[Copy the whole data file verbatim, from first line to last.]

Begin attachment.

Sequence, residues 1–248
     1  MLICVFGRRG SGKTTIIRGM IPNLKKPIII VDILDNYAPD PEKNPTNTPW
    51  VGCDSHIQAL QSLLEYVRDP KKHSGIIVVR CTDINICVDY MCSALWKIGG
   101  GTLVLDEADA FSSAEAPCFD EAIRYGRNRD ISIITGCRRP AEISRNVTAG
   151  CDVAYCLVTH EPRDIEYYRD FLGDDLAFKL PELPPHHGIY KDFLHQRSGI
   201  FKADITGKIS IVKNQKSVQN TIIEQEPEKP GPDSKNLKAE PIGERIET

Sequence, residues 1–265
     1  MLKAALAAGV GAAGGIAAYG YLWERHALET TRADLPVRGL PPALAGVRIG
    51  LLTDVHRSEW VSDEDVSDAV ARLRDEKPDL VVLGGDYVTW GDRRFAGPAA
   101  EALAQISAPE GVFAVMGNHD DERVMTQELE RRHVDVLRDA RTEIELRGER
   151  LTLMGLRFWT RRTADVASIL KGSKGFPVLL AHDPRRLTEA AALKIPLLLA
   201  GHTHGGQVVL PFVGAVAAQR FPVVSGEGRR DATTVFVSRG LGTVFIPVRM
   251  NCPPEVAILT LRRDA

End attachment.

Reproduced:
Sequence, residues 1–248
     1  MLICVFGRRG SGKTTIIRGM IPNLKKPIII VDILDNYAPD PEKNPTNTPW
    51  VGCDSHIQAL QSLLEYVRDP KKHSGIIVVR CTDINICVDY MCSALWKIGG
   101  GTLVLDEADA FSSAEAPCFD EAIRYGRNRD ISIITGCRRP AEISRNVTAG
   151  CDVAYCLVTH EPRDIEYYRD FLGDDLAFKL PELPPHHGIY KDFLHQRSGI
   201  FKADITGKIS IVKNQKSVQN TIIEQEPEKP GPDSKNLKAE PIGERIET

Sequence, residues 1–265
     1  MLKAALAAGV GAAGGIAAYG YLWERHALET TRADLPVRGL PPALAGVRIG
    51  LLTDVHRSEW VSDEDVSDAV ARLRDEKPDL VVLGGDYVTW GDRRFAGPAA
   101  EALAQISAPE GVFAVMGNHD DERVMTQELE RRHVDVLRDA RTEIELRGER
   151  LTLMGLRFWT RRTADVASIL KGSKGFPVLL AHDPRRLTEA AALKIPLLLA
   201  GHTHGGQVVL PFVGAVAAQR FPVVSGEGRR DATTVFVSRG LGTVFIPVRM
   251  NCPPEVAILT LRRDA